Second Division]; Litonjua Group of Companies v. Vigan, 412 Phil. 627, 643; 360
SCRA 194, 208 (2001) [Per J. Gonzaga-Reyes, Third Divisionl; Equitable Banking
Corp. v. NLRC, 339 Phil. 541, 565; 273 SCRA 352, 379 (1997) [Per J. Vitug, First
Division]; Philippine Airlines, Inc. v. NLRC, 328 Phil. 814, 830; 259 SCRA 459, 473
(1996) [Per J. Francisco, Third Division]; and Maglutac v. NLRC, G.R. Nos. 78345
and 78637, September 21, 1990, 189 SCRA 767 [Per J. Peralta, Third Division].
121 Civil Code. Art. 2229.
122 Quadra v. Court of Appeals, 529 Phil. 218; 497 SCRA 221 (2006) [Per J.
Puno, Second Division].

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unions,123 injuries sustained in the course of employment,124


development of a medical condition due to the employers own
violation of the employment contract,125 and lodging of a Complaint
against the employer.126 Exemplary damages were also awarded to
employees who were deemed illegally dismissed by an employer in
an attempt to evade compliance with statutorily established
employee benets.127 Likewise, employees dismissed for supposedly
just causes, but in violation of due process requirements, were
awarded exemplary damages.128
These examples pale in comparison to the present controversy.
Stripped of all unnecessary complexities, respondents were
dismissed for no other reason than simply that they were pregnant.
This is as wanton, oppressive, and tainted with bad faith as any
reason for termination of employment can be. This is no ordinary
case of illegal dismissal. This is a case of manifest gender
discrimination. It is an affront not only to our statutes and policies
on employees security of tenure, but more so, to the Constitutions
dictum of fundamental equality between men and women.129 The
award of exemplary damages is, therefore, warranted, not only to re-

_______________

123 Id.; Nueva Ecija I Electric Cooperative, Inc. Employees Association v. NLRC,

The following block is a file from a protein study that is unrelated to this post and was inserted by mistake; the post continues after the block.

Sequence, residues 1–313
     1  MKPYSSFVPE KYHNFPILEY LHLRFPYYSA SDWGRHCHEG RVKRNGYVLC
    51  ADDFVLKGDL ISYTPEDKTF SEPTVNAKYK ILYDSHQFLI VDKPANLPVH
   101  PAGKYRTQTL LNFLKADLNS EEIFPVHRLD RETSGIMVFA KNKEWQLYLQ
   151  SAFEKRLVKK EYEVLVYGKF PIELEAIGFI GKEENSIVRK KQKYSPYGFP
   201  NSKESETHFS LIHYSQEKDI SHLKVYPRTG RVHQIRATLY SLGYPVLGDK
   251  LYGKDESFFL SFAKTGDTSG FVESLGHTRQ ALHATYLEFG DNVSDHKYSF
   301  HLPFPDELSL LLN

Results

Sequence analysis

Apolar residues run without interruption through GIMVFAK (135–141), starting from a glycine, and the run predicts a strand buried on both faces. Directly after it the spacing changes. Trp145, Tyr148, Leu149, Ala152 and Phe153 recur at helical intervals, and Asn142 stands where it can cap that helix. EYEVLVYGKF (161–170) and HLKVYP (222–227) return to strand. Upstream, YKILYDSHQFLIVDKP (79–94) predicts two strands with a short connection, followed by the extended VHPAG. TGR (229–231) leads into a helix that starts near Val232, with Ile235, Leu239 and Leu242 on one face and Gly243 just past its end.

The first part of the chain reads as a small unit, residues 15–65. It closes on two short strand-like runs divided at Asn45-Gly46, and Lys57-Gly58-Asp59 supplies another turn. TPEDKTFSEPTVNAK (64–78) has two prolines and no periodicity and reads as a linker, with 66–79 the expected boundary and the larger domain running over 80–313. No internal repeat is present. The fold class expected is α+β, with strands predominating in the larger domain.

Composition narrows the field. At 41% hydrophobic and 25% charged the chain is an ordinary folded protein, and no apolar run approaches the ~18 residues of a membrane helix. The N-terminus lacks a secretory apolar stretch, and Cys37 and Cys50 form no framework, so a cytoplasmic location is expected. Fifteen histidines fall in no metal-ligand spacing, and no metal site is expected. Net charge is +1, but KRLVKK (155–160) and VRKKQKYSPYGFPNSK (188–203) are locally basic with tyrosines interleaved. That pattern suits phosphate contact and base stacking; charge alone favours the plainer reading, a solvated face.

380 Phil. 45; 323 SCRA 86 (2000) [Per J. Quisumbing, Second Division].
124 U-Bix Corporation v. Bandiola, 552 Phil. 633; 525 SCRA 566 (2007) [Per J.
Chico-Nazario, Third Division].
125 Triple Eight Integrated Services, Inc. v. NLRC, 359 Phil. 955; 299 SCRA 608
(1998) [Per J. Romero, Third Division].
126 Estiva v. NLRC, G.R. No. 95145, August 5, 1993, 225 SCRA 169 [Per J.
Bidin, Third Division].
127 Kay Products, Inc. v. Court of Appeals, 502 Phil. 783; 464 SCRA 544 (2005)
[Per J. Callejo, Sr., Second Division].
128 Montinola v. PAL, G.R. No. 198656, September 8, 2014, 734 SCRA 439 [Per
J. Leonen, Second Division].
129 Const., Art. II, Sec. 14: The State recognizes the role of women in nation-
building, and shall ensure the fundamental equality before the law of women and
men.

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mind employers of the need to adhere to the requirements of


procedural and substantive due process in termination of
employment, but more importantly, to demonstrate that gender
discrimination should in no case be countenanced.
Having been compelled to litigate to seek reliefs for their illegal
and unjust dismissal, respondents are likewise entitled to attorneys
fees in the amount of 10% of the total monetary award.130

VI

Petitioner Brenda J. Betia may not be held liable.
A corporation has a personality separate and distinct from those
of the persons composing it. Thus, as a rule, corporate directors and
ofcers are not liable for the illegal termination of a corporations
employees. It is only when they acted in bad faith or with malice
that they become solidarily liable with the corporation.131
In Ever Electrical Manufacturing, Inc. (EEMI) v. Samahang
Manggagawa ng Ever Electrical,132 this court claried that [b]ad
faith does not connote bad judgment or negligence; it imports a
dishonest purpose or some moral obliquity and conscious doing of
wrong; it means breach of a known duty